Wearables passed the novelty phase some time ago and are now following the money, literally, as COVID-19 keeps forcing the issue of touchless payments, and consumers continue driving demand for ever-cooler form factors to pay (and just do stuff) without physical contact.
Action is heating up on all fronts in this fascinating sector. On Wednesday (April 28) the Munich-based Smart Payments Association (SPA) updated its original 2017 guidance, noting in its position paper Wearable Tech 2021: The Future Is Now that “… wearable payment volumes will have reached $501.1 billion by the end of 2020, accounting for 20% of all proximity payments,” and that “wearable payments increased by 365% between 2017 and 2020, with a quarter of Europeans planning to buy goods and services using the technology in the future.”
While SPA and its members are focused on payments, the fact is that wearables are now imbued with abilities far beyond the normal ring or wristwatch. From medicine to workouts, wearables are realizing their potential to enable all manner of connected economy experiences.
As evidence, witness the Big Tech player that threw down the gauntlet with a wearable mind-meld: Facebook Reality Labs revealed in March that it has developed a prototype wearable capable of reading neurological signals between brains and hands, opening a range of applications including invisible keyboards often depicted as futuristic. And they are.
Telekinetic wearables probably won’t be ready for holiday 2021 gifting, but there are plenty of alternatives available whether you want to exercise, pay, or just be connected and cool.
Wherever, Whatever Wearables
In its updated outlook for 2021, the SPA finds consumers and financial players showing increasing interest in killing checks, dropping cards and paying via super-charged apparel.
“Between 2018 and 2019, Belgian bank KBC conducted a trial in which 1,000 customers were issued with a wearable payment device of their choice from a selection of four — with smart rings, watches, key fobs, and bracelets on offer,” per the SPA. “Six in 10 carried that item on them at almost all times, two-thirds noted that they would consider buying a wearable after their trial experience, and more than half would firmly recommend them to family and friends.”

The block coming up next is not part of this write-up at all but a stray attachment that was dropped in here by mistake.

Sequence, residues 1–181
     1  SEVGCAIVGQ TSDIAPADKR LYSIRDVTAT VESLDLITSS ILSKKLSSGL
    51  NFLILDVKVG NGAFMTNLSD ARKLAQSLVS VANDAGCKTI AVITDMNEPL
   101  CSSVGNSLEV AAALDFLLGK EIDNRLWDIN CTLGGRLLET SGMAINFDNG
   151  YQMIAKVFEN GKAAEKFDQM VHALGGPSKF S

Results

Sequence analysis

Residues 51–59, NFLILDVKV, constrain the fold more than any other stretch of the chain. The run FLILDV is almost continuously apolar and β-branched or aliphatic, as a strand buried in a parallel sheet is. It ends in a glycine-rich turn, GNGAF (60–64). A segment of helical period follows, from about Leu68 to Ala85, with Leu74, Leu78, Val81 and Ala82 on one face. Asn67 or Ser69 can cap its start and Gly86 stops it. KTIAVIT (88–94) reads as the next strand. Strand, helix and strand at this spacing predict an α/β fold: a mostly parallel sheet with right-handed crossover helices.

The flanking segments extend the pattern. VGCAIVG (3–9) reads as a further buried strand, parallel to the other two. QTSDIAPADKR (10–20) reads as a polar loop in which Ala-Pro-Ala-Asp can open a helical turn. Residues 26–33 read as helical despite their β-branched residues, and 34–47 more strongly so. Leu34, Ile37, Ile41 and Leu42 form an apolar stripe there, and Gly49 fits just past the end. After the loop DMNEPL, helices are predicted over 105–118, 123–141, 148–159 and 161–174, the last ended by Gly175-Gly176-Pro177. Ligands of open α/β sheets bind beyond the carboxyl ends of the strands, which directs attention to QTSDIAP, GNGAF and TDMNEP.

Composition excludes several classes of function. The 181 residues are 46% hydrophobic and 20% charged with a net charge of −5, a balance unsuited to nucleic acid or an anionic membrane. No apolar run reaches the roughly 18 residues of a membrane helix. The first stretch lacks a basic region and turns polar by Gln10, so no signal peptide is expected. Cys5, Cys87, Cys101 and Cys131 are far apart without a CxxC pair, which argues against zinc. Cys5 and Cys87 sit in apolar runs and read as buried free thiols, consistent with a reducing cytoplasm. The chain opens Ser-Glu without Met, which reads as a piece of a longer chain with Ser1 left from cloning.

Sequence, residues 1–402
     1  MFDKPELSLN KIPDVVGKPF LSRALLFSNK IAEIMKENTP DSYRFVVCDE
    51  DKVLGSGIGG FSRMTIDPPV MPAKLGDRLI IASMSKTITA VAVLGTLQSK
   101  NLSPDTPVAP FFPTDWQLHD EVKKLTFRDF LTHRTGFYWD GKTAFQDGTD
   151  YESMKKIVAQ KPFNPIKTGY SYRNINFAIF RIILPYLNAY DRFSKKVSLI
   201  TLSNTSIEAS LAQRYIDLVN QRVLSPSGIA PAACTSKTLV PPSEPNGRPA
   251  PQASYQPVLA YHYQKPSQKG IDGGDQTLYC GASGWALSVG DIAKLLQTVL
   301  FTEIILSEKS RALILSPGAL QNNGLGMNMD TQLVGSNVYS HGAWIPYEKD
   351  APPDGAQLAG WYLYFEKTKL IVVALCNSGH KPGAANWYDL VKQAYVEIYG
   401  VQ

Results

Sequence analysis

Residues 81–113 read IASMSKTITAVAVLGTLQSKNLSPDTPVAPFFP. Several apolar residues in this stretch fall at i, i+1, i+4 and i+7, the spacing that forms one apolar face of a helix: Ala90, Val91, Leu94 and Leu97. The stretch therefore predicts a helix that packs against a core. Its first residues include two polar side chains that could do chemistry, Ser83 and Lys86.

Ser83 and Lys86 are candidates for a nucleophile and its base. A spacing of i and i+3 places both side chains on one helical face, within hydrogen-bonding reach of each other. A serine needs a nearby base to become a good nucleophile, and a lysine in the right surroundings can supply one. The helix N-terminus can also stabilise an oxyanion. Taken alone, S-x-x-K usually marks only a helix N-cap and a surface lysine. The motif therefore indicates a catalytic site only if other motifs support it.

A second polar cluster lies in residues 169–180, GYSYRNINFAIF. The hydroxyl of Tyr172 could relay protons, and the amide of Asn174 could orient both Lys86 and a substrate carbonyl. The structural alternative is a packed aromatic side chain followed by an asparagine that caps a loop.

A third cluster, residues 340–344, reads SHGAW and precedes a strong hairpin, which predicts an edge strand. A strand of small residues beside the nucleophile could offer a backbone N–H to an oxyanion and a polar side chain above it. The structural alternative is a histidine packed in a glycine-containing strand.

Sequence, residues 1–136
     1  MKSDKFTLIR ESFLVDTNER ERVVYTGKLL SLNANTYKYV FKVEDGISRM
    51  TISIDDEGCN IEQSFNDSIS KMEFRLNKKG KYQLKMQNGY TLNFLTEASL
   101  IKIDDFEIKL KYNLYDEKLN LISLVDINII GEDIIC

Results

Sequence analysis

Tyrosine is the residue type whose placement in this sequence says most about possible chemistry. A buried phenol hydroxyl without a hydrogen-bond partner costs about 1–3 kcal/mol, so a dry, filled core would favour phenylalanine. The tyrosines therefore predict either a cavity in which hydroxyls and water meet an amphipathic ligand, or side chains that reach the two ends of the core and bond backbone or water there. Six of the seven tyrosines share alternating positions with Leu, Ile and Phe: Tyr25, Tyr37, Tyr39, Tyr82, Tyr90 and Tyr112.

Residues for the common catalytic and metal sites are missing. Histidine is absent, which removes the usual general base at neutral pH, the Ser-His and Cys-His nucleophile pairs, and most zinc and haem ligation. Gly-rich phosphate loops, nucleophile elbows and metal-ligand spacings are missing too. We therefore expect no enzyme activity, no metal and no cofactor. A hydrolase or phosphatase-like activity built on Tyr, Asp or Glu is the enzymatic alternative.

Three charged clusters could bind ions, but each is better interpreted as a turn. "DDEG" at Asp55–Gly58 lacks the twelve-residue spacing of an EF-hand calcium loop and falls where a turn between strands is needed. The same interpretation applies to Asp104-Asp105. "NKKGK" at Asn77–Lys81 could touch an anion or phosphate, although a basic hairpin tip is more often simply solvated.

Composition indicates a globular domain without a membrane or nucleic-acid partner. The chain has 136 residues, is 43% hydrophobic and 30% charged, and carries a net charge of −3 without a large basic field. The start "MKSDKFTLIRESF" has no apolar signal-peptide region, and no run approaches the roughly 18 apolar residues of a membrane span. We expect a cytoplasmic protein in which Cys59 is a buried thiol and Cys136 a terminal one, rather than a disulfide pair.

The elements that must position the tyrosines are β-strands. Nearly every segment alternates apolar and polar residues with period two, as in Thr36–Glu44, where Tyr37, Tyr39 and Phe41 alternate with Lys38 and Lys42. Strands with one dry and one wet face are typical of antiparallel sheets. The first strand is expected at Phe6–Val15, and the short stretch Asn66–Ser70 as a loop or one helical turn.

Not one to miss an opportunity, Apple recently patented a smart ring — not its first, or even the first — with other smart rings already in circulation including the Oura smart ring that records sleep data and the McLear Payment Ring and its RingPay Rewards program, which is not yet available in the U.S.
Apple calls its new ring patent “a self-mixing interferometry (SMI) sensor-based gesture input system,” or, as PYMNTS translated it at the time, “a ring that would be able to sense its position in space in relation to other devices, like an iPad or the Apple Pencil.”
Apple is hardly the only game in town. Google’s controversial acquisition of Fitbit was approved by EU regulators in December, and connected fitness firm Peloton just plunked down big money to acquire three wearables firms for artificial intelligence (AI)-powered hardware and wearables to come.
Which device will consumers choose more? A ring? A watch? Perhaps something we haven’t seen yet, like a payments chip embedded in the cranium? Familiarity may decide early on.
“Projections up to 2027 suggest that wearable payments via smartwatch will outstrip those made via dedicated payment bands by more than 2:1 over that period,” the SPA said, adding, “The key here is not about volumes however, but flexibility.”
Verónica Martin of wearables firm and SPA member Giesecke + Devrient, told the association, “Smartwatches are attractive devices, but they also come with a high price tag that can put them out of reach for many consumers.” Martin noted, “Rings, payment bands, and other wearable payment solutions tend to be much more affordable and will help to drive mass market appeal as well as meeting multiple different use cases.”
Wearing It Well With Convenience And Cool
Wearables proclamations seem to attend the pandemic at every turn, much the way the world finally began taking digital wallets seriously after touching things was declared unsafe in 2020.
Commenting specifically on K Ring tech, the SPA noted that it supports Mastercard and bank account funding, “and allows owners to pay simply by bringing the device to a contactless payment pad or terminal. Powered by electromagnetic induction from the card reader, the K Ring — like any other type of passive wearable — has no need for charging, meaning that users can keep it literally on hand at all times.”
The association also sees considerable promise in wristband payments for entertainment venues and sports stadiums. Form factors aside, there are important considerations for issuers and merchants as wearables are increasingly presented for payment.
“Wearable payments address one need above all else: convenience,” according to the SPA. “Paying for goods and services with a simple flick of the wrist is infinitely faster and easier than by handing over cash, or even tapping in a pin number. And while the difference may be relatively slight, wearables offer greater convenience than even contactless cards and mobile payment apps — removing the need to fumble with a wallet, purse, or phone.”
The upshot is that “as wearable technology grows smarter and more versatile, and as consumer acceptance of new ways to pay continues to rise, the opportunities for issuers will only become more significant.”